• be supported by a trained practitioner, who typically provides limited facilitation of the programme and reviews progress and outcome
  • typically take place over 9 to 12 weeks, including follow-up.

9.4.3. Drug treatment

9.4.3.1.

Do not use antidepressants routinely to treat subthreshold depressive symptoms or mild depression in patients with a chronic physical health problem (because the risk–benefit ratio is poor), but consider them for patients with:

  • a past history of moderate or severe depression or
  • mild depression that complicates the care of the physical health problem or
  • initial presentation of subthreshold depressive symptoms that have been present for a long period (typically at least 2 years) or
  • subthreshold depressive symptoms or mild depression that persist(s) after other interventions.
9.4.3.2.

Although there is evidence that St John's wort may be of benefit in mild or moderate depression, practitioners should:

  • not prescribe or advise its use by patients with depression and a chronic physical health problem because of uncertainty about appropriate doses, persistence of effect, variation in the nature of preparations and potential serious interactions with other drugs (including oral contraceptives, anticoagulants and anticonvulsants)
  • advise patients with depression of the different potencies of the preparations available and of the potential serious interactions of St John's wort with other drugs.

9.5. STEP 3: RECOGNISED DEPRESSION IN PRIMARY CARE AND GENERAL HOSPITAL SETTINGS – PERSISTENT SUBTHRESHOLD DEPRESSIVE SYMPTOMS OR MILD TO MODERATE DEPRESSION WITH INADEQUATE RESPONSE TO INITIAL INTERVENTIONS, AND MODERATE AND SEVERE DEPRESSION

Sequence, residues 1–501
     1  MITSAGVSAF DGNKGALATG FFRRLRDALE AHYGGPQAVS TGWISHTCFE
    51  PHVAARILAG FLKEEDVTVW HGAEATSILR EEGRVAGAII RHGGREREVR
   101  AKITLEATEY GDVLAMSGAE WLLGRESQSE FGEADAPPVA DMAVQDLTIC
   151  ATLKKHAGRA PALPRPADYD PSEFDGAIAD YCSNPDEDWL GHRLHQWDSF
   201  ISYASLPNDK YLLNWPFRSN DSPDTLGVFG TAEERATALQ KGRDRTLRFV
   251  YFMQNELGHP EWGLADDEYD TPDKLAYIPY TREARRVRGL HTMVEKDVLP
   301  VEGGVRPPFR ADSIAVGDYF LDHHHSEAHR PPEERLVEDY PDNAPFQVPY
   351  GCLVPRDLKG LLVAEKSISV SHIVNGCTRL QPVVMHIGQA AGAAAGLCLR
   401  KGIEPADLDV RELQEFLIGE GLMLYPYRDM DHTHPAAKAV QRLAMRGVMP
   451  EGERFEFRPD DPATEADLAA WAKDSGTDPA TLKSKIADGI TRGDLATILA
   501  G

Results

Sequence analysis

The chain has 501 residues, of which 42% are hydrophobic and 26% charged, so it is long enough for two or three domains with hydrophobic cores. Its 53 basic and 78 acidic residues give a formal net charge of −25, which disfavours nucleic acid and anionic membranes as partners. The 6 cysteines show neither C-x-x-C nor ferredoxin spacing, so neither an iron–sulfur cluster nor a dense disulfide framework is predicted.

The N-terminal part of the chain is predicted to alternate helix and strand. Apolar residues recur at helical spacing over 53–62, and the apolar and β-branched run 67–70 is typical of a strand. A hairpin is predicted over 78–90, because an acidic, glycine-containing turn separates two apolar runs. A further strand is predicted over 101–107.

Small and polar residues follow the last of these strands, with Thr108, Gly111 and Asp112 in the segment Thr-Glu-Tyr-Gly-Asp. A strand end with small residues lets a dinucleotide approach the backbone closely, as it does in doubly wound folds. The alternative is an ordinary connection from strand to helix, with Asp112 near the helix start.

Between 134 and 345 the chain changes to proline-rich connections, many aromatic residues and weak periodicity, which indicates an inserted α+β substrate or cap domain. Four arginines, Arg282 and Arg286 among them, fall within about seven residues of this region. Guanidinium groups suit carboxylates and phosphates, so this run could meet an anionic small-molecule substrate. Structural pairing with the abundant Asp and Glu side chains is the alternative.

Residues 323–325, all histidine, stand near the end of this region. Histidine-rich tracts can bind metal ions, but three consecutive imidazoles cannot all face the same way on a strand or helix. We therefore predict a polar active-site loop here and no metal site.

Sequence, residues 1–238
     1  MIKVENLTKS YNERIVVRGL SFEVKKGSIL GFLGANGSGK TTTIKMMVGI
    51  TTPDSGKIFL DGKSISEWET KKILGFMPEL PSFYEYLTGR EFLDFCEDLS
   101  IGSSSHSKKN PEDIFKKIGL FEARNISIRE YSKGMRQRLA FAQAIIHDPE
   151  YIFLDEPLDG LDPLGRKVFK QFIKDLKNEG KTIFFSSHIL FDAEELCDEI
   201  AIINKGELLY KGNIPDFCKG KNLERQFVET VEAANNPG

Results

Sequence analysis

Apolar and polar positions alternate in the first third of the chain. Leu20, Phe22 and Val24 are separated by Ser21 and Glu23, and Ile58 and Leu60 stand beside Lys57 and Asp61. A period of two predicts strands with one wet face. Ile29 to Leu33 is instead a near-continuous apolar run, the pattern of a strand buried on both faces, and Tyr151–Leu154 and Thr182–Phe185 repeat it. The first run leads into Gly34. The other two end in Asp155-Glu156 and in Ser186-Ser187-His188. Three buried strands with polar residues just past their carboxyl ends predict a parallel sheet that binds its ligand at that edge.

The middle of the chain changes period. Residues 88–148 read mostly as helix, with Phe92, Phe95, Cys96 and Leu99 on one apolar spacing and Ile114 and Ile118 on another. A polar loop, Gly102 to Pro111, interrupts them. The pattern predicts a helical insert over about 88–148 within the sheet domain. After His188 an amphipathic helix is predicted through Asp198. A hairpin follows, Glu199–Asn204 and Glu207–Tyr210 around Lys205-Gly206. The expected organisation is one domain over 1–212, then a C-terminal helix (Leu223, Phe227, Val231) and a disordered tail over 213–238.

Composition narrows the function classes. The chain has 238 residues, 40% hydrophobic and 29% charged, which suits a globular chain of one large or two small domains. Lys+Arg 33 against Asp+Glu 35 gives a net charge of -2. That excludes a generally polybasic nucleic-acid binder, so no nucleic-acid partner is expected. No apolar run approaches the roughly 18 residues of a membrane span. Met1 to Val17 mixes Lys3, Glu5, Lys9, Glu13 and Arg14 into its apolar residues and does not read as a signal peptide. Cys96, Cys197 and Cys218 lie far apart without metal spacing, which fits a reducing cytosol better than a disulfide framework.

9.5.1. Treatment options

9.5.1.1.

For patients with persistent subthreshold depressive symptoms or mild to moderate depression and a chronic physical health problem who have not benefited from a low-intensity psychosocial intervention, discuss the relative merits of different interventions with the patient and provide:

  • an antidepressant (normally a selective serotonin reuptake inhibitor [SSRI]) or
  • one of the following high-intensity psychological interventions:

    group-based CBT or

    individual CBT for patients who decline group-based CBT or for whom it is not appropriate, or where a group is not available or

    behavioural couples therapy for people who have a regular partner and where the relationship may contribute to the development or maintenance of depression, or where involving the partner is considered to be of potential therapeutic benefit.

9.5.1.2.

For patients with initial presentation of moderate depression and a chronic physical health problem, offer the following choice of high-intensity psychological interventions:

  • group-based CBT or
  • individual CBT for patients who decline group-based CBT or for whom it is not appropriate, or where a group is not available or
  • behavioural couples therapy for people who have a regular partner and where the relationship may contribute to the development or maintenance of depression, or where involving the partner is considered to be of potential therapeutic benefit.
9.5.1.3.

For patients with initial presentation of severe depression and a chronic physical health problem, consider offering a combination of individual CBT and an antidepressant.